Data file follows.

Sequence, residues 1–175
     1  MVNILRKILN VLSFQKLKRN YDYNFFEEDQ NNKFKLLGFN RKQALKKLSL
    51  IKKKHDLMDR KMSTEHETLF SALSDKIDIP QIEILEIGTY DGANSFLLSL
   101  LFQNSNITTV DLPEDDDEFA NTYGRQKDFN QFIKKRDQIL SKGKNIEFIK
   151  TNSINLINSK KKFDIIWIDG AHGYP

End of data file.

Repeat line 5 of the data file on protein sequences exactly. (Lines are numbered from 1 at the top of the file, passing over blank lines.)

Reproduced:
   151  TNSINLINSK KKFDIIWIDG AHGYP